5. After the 1999-2000 millennium alert, ... Clarke held a meeting of his Counterterrorism Security Group devoted largely to the possibility of a possible airplane hijacking by al Qaeda... [T]he possibility was imaginable, and imagined” (345).
The 9/11 Commission Report: Omissions and Distortions
David Ray Griffin
This is a little vague. What type of aircraft? Hijacked where? To do what? Here’s the context of this as it appears in the original text:
In late 1999, a great deal of discussion took place in the media about the crash off the coast of Massachusetts of EgyptAir Flight 990, a Boeing 767. The most plausible explanation that emerged was that one of the pilots had gone berserk, seized the controls, and flown the aircraft into the sea. After the 1999 -- 2000 millennium alerts, when the nation had relaxed, Clarke held a meeting of his Counterterrorism Security Group devoted largely to the possibility of a possible airplane hijacking by al Qaeda.17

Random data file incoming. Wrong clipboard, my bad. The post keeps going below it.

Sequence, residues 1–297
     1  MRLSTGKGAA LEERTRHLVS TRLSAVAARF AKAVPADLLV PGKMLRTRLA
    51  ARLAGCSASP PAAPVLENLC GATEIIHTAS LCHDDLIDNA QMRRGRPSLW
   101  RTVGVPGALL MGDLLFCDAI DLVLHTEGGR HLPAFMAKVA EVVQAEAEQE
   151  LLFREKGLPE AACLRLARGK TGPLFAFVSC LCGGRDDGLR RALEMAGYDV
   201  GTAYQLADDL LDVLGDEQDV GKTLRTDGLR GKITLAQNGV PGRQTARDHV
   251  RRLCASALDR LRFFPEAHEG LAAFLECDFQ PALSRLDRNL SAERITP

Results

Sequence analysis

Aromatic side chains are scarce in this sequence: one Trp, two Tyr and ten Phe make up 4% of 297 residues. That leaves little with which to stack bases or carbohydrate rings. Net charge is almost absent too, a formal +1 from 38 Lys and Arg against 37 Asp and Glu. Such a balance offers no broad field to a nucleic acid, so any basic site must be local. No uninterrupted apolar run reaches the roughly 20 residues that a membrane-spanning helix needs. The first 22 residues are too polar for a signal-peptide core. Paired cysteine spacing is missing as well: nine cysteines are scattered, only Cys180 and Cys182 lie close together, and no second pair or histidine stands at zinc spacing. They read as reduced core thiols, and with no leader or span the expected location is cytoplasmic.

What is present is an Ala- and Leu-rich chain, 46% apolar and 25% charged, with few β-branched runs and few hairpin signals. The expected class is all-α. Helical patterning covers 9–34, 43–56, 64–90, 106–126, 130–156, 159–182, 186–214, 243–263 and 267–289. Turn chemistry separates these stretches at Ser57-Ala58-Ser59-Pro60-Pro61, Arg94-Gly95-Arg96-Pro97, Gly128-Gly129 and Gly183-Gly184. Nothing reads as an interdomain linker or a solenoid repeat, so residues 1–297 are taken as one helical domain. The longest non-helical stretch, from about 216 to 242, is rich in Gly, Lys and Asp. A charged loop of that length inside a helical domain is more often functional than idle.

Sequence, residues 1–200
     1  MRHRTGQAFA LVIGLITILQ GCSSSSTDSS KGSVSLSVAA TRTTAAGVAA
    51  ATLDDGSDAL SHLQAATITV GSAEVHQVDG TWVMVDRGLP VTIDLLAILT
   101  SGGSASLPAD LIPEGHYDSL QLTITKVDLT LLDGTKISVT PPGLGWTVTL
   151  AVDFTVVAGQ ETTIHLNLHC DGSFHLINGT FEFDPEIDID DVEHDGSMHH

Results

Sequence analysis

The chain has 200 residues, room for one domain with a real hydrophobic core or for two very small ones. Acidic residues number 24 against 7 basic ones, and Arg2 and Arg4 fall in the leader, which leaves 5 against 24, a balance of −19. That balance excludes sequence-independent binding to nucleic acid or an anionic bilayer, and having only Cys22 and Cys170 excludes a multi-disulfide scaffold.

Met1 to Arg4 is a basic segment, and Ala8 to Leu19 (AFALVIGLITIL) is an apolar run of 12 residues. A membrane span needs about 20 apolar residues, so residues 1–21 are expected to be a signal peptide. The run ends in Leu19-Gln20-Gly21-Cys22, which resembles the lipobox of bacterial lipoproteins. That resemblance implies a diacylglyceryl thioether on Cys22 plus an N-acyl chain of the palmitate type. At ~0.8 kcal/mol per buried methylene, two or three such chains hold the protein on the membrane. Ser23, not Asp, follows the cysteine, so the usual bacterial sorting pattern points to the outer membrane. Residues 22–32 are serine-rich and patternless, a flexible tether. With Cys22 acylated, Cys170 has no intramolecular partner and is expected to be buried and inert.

In his testimony,Clarke commented that he thought that warning about the possibility of a suicide hijacking would have been just one more speculative theory among many...
9/11 Commission Report
The context here suggests a possible suicide hijacking, however we don’t know of what type of plan, or where, or what form the attack might take. In addition, we have the issues itemised above: we don’t know how many other issues Clarke considered, for instance, and we’ve no reason to believe his ideas were considered any more likely now, than earlier. It’s hard to see how this can come close to contradicting the NORAD position.